Treatment and outcome

Eighteen of 21 (86%) patients were treated with chemotherapy, including 13 patients with EPOCH (etoposide, prednisone, vincristine, cyclophosphamide, and doxorubicin); and two with CHOP (cyclophosphamide, doxorubicin, vincristine, and prednisone); one with cyclophosphamide, vincristine, and prednisone; one with methotrexate, cytarabine, thiotepa, rituximab; and one with hyper CVAD (cyclophosphamide, vincristine, doxorubicin, and dexamethasone). The remaining three patients did not receive chemotherapy. Twelve (67%) patients had opportunistic infections including parasites, viruses, or bacteria during and after chemotherapy. With a median follow-up of 19 months (range, <1–112), nine patients died and 12 were alive at the time of the last clinical follow-up (Table 2).

Although a small patient cohort, we identified parameters associated with a poorer prognosis. Patients with bone marrow involvement had a median overall survival (OS) of 4.7 months, compared with than patients without bone marrow disease (median OS not reached) (P = 0.015) (Fig. 3). Patients with an elevated serum lactate dehydratase (LDH)-level more than 300 also showed a poorer OS (P = 0.0301). We also observed two trends that were not statistically significant. Patients with stage III/IV disease appear to have a poorer survival (P = 0.2182). Patients with a CD4+ T-cell count of more than 200 cells/μl have a seemingly unfavorable survival versus patients with a CD4+ T-cell count of less than 200 cells/μl at the time of diagnosis, P = 0.1863. An important negative result regarding prognosis is that there was no difference in survival for patients with PBL who were diagnosed concurrently with the initial diagnosis of HIV infection versus patients who developed PBL after their HIV diagnosis (P = 0.8280).

Fig. 3
Fig. 3:
(a) Survival comparison between patients with bone marrow involvement and patients without bone marrow involvement by plasmablastic lymphoma. (b) Survival comparison between patients with CD4+ T-cell count less than 200 cells/μl and more than 200 cells/μl at time of diagnosis of plasmablastic lymphoma. (c) Survival comparison between patients with stage I/II and patients with stage III/IV plasmablastic lymphoma. (d) Survival comparison between patients with elevated lactate dehydratase level and patients without elevated lactate dehydratase.

Discussion

In patients with HIV-associated lymphomas, PBL is the second most common type in the era of HAART therapy at our institution. PBL represented ∼22% of HIV-associated aggressive B-cell lymphomas. Most patients were men with a median age of 45 years, similar to the findings in earlier studies [7]. Recent reports by the Centers for Disease Control have shown that gay and bisexual men account for more than 65% of all HIV+ patients as well as more than 80% of all new HIV+ patients each year [8]. These factors likely explain the predilection for the men in this study.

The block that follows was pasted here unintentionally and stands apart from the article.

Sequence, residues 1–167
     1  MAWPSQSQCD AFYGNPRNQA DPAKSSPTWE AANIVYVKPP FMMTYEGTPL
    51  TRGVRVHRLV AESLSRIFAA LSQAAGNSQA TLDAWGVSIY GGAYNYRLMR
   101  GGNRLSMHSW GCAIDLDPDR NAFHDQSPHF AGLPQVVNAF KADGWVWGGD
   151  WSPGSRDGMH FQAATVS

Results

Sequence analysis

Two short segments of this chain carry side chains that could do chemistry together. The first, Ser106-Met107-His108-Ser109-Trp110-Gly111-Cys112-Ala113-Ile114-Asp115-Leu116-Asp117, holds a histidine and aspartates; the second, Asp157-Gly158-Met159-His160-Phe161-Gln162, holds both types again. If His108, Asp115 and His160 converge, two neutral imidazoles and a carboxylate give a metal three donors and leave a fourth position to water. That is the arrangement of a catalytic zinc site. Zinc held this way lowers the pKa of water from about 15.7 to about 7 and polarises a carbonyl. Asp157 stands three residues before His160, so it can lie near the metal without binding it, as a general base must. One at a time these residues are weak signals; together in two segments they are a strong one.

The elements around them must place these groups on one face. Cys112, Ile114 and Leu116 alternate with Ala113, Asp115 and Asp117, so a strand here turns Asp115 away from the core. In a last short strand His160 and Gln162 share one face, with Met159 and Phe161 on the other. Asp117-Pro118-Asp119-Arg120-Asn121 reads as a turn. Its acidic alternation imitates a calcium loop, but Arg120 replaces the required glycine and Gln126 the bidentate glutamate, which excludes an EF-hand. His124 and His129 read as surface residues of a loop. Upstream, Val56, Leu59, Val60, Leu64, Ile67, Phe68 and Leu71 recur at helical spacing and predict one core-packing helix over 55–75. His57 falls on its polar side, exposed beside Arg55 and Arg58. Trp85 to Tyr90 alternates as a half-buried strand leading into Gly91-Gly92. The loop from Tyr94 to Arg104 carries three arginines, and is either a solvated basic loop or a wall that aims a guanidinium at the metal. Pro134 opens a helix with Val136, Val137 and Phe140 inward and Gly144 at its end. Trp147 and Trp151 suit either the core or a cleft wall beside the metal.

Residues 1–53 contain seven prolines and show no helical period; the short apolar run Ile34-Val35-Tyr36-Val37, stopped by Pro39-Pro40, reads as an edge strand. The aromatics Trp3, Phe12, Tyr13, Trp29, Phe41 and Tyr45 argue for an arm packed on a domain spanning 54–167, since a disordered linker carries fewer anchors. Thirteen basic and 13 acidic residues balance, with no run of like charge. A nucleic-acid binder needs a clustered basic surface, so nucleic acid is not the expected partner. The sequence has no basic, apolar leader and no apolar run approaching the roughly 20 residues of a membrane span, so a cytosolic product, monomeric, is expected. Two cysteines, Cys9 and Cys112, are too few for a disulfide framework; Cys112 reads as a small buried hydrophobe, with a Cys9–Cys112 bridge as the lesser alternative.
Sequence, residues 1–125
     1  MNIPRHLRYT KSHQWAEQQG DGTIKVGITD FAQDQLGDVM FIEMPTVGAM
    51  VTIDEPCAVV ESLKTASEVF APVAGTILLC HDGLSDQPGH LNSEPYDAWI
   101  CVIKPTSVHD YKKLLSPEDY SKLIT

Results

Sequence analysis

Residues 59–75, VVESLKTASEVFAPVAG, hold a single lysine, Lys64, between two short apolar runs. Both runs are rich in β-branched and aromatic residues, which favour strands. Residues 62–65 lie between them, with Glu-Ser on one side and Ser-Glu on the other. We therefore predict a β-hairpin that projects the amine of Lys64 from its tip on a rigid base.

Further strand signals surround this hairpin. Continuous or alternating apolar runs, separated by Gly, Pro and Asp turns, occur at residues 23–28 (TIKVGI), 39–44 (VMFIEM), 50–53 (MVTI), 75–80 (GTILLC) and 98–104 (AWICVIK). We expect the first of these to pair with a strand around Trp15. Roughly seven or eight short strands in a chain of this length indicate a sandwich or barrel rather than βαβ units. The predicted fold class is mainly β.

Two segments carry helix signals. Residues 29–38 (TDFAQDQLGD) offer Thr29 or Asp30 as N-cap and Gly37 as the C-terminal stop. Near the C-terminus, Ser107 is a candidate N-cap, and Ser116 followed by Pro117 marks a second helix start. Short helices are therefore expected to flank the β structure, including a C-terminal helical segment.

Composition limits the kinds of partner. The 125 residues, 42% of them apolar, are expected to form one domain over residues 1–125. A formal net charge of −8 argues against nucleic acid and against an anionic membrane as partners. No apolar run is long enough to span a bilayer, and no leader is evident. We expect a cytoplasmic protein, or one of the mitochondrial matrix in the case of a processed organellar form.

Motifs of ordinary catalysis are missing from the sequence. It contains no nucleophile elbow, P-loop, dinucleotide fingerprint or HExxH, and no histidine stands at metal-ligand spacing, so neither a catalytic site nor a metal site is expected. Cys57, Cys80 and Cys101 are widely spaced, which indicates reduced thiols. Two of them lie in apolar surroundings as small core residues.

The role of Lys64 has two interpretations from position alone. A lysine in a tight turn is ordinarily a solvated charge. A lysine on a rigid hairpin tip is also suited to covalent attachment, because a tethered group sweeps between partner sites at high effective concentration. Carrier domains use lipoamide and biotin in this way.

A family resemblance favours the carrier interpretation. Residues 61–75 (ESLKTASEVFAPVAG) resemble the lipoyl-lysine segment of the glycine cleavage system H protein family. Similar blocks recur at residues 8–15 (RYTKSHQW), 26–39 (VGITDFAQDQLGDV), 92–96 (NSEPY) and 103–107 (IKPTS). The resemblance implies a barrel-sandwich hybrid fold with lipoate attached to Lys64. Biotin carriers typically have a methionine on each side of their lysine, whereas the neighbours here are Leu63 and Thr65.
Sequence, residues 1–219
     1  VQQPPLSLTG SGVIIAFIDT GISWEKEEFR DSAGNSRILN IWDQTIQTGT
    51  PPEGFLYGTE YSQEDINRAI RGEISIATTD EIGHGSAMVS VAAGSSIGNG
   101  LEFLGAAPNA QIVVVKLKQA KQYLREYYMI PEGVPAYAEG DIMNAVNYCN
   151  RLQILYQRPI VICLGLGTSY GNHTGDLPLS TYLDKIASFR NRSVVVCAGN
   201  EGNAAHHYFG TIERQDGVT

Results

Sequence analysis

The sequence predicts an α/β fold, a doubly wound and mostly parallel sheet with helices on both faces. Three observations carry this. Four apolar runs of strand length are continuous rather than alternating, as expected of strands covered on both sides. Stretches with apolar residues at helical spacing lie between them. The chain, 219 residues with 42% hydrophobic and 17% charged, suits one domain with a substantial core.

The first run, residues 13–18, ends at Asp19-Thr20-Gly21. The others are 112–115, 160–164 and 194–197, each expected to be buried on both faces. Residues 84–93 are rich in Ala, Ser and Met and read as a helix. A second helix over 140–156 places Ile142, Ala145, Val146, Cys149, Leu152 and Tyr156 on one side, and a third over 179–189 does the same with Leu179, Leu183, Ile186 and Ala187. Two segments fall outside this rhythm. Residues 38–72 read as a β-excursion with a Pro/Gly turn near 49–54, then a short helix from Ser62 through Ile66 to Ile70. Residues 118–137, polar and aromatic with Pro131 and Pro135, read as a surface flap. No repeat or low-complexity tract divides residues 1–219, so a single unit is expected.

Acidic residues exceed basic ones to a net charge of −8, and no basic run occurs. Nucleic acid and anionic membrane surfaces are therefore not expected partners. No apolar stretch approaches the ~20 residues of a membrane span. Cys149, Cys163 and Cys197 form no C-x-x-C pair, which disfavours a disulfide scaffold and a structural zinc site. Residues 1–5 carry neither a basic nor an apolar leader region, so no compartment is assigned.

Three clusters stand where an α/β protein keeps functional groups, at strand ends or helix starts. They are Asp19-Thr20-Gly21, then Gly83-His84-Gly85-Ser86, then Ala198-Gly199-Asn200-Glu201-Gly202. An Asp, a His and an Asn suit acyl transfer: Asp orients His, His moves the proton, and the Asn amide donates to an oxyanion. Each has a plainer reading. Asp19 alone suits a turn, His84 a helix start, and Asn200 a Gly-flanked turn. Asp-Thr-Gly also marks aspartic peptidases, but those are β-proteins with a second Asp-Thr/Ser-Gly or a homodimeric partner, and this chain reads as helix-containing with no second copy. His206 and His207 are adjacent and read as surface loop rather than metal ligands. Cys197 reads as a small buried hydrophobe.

The incidence of HIV-associated non-Hodgkin lymphomas has decreased substantially following the introduction of HAART therapy [9]. Previous studies showed that the most frequent B-cell lymphoma in HIV+ patients was DLBCL, followed by Burkitt lymphoma [9,10]. In the current study, we show a higher frequency of PBL in the era of HAART therapy, second only to DLBCL. This increased frequency of PBL possibly may be attributable to the relatively recent recognition of PBL, initially described in 1997 and included as a new entity in the WHO classification in 2008. Prior to this time point, PBL cases were included in the DLBCL category [11].

In this case series, one-third of patients were diagnosed with PBL and HIV simultaneously, and the remaining two-thirds of patients developed PBL after their HIV diagnoses. Only two of 12 (17%) patients adhered to their HAART regimen. Patients with PBL had a much lower compliance rate with HAART therapy compared with patients with other types of aggressive B-cell lymphoma in our experience, about 50%. Furthermore, our health system cares for low-income communities and the patients have a lower HAART compliance rate than that shown in other studies, such as 62% described by Ortego et al.[12], and far lower than the required adherence rate about 95% for an optimal outcome for patients with HIV infection [13]. Most patients in our case series were poor and uninsured, which might be the reason why there is a high proportion of patients with a late HIV diagnosis and their noncompliance to HAART therapy. Therefore, the high incidence of PBL may also be associated with lack of optimal HIV control in this patient cohort.